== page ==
Garmin documents when GPS beacons are sent out: generally, when you begin a transmission, or when another radio asks for your position. I couldn’t find similar documentation from Motorola or BTech, but I believe FCC regulations mean that the picture would be similar with them. In other words, none of these devices is continuously, automatically, transmitting position updates. However, you can request a position update from another radio.
It should be noted that, while voice communication is compatible across FRS/GMRS, data communication is not. Garmin, Motorola, and BTech all have different data protocols that are incompatible with radios from other manufacturers.
FRS/GMRS radios often advertise “privacy codes.” These do nothing to protect your privacy; see more under the privacy section below.
Motorola DLR and DTR series
Although they can be used for similar purposes, and I do, these radios are unique from the others in this article in several ways:
- Their sales and marketing is targeted at businesses rather than consumers
- They use digital encoding of audio, rather than analog FM or AM
- They use FHSS (Frequency-Hopping Spread Spectrum) rather than a set frequency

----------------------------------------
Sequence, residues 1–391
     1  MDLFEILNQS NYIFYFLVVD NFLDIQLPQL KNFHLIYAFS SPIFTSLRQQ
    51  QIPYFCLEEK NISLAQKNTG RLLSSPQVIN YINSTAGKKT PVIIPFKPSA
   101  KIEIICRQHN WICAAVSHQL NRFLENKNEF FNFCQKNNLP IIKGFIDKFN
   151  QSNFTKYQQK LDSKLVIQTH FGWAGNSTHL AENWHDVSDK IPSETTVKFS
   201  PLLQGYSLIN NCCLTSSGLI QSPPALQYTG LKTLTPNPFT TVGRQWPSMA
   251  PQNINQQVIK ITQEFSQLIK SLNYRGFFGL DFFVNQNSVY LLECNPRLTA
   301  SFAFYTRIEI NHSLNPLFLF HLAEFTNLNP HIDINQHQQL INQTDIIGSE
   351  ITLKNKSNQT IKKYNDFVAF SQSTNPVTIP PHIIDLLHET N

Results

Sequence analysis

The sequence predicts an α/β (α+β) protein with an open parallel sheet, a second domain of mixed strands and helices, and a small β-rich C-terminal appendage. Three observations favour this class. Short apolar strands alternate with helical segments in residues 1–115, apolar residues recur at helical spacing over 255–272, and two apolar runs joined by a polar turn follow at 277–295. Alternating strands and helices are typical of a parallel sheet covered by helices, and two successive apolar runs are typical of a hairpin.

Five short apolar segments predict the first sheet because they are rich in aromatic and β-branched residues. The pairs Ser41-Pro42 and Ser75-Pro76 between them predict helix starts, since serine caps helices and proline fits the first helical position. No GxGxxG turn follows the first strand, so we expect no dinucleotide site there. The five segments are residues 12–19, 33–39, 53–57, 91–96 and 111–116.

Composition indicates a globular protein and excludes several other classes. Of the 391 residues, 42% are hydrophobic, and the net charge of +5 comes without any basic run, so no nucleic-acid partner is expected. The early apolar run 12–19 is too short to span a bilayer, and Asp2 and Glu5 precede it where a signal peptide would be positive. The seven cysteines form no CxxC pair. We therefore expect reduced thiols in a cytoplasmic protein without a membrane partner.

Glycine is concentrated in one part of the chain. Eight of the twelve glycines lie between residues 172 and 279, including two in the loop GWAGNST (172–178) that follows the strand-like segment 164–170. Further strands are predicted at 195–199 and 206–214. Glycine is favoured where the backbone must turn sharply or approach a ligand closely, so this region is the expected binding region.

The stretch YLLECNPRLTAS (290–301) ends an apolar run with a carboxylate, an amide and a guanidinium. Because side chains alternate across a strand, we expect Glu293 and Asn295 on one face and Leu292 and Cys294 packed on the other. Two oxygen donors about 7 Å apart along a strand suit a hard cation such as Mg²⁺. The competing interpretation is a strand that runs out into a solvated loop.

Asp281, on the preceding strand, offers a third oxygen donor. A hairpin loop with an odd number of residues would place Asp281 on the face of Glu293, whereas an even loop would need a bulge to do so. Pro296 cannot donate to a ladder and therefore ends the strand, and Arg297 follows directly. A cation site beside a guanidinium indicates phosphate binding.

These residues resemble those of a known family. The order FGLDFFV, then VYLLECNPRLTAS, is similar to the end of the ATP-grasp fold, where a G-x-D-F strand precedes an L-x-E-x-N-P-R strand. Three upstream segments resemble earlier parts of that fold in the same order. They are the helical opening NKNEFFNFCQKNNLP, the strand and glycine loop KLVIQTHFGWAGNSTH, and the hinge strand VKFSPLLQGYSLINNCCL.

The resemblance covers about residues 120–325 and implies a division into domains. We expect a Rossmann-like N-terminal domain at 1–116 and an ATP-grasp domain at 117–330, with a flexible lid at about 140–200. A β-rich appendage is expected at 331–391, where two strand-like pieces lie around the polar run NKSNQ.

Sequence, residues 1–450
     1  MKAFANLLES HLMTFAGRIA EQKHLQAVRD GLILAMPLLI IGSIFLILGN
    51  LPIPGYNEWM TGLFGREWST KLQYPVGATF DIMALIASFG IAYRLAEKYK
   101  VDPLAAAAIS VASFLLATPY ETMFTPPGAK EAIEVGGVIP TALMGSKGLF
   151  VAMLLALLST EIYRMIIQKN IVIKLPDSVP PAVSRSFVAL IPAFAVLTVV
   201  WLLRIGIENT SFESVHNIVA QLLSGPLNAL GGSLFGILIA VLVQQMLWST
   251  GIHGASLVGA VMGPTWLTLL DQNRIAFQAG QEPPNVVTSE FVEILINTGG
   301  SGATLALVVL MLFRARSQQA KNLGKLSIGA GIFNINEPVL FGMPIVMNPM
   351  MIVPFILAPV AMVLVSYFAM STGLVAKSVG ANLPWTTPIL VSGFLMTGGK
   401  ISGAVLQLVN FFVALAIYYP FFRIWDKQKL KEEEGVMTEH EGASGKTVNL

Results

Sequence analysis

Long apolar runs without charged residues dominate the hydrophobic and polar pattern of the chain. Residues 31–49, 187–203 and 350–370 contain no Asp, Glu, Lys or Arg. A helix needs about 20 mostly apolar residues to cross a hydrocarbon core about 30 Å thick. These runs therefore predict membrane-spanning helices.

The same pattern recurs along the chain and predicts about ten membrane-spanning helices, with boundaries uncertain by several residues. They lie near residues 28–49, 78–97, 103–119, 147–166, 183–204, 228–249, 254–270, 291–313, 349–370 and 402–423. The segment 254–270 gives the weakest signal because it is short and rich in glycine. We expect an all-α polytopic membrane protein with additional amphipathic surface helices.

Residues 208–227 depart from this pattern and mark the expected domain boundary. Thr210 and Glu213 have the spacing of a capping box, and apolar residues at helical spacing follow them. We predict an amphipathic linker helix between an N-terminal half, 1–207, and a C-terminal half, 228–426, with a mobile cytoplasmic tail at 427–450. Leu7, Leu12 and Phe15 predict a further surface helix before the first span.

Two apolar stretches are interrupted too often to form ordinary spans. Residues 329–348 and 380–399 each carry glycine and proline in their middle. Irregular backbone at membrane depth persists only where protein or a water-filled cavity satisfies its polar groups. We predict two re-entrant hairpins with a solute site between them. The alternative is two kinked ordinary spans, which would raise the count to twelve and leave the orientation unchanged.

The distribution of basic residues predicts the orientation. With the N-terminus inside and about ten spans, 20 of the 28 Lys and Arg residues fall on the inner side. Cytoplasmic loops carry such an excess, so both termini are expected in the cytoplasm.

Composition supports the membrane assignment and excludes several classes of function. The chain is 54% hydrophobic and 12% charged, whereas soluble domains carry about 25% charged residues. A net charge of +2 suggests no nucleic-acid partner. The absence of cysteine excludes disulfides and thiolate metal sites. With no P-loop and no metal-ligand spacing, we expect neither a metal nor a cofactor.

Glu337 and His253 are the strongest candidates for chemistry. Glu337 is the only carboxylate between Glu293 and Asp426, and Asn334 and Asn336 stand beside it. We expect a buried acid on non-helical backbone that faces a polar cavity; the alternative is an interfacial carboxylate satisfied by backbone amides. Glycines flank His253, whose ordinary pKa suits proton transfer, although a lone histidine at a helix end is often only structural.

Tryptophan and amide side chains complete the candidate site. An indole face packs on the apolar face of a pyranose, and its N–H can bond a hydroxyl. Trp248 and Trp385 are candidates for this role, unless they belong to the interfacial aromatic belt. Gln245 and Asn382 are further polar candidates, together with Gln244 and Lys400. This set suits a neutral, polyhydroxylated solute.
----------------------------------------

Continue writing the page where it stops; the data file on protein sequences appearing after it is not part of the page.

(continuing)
- They operate on the 900MHz ISM band, rather than a 460MHz UHF band (or a lower band yet for MURS and CB)
- The DLR series is quite small, smaller than many GMRS radios.
I don’t have space to go into a lot of radio theory in this article, but I’ll briefly expand on some of this.
First, FHSS. A FHSS radio hops from frequency to frequency many times per second, following some preset hopping algorithm that is part of the radio. Although it complicates the radio design, it has some advantages; it tends to allow more users to share a band, and if one particular frequency has a conflict with something else, it will be for a brief fraction of a second and may not even be noticeable.
Digital encoding generally increases the quality of the audio, and keeps the quality high even in degraded signal conditions where analog radios would experience static or a quieter voice. However, you also lose that sort of audible feedback that your signal is getting weak. When you get too far away, the digital signal “drops off a cliff”. Often, either you have a crystal-clear signal or you have no signal at all.
Motorola’s radios leverage these features to build a unique radio. Not only can you talk to a group, but you can select a particular person to talk to with a private conversation, and so forth. DTR radios can send text messages to each other (but only preset canned ones, not arbitrary ones). “Channels” are more like configurations; they can include various arbitrary groupings of radios. Deconfliction with other users is established via “hopsets” rather than frequencies; that is, the algorithm that it uses to hop from frequency to frequency. There is a 4-digit PIN in the DLR radios, and newer DTR radios, that makes privacy very easy to set up and maintain.
As far as I am aware, no scanner can monitor DLR/DTR signals. Though they technically aren’t encrypted, cracking a DLR/DTR conversation would require cracking Motorola’s firmware, and the chances of this happening in your geographical proximity seem vanishingly small.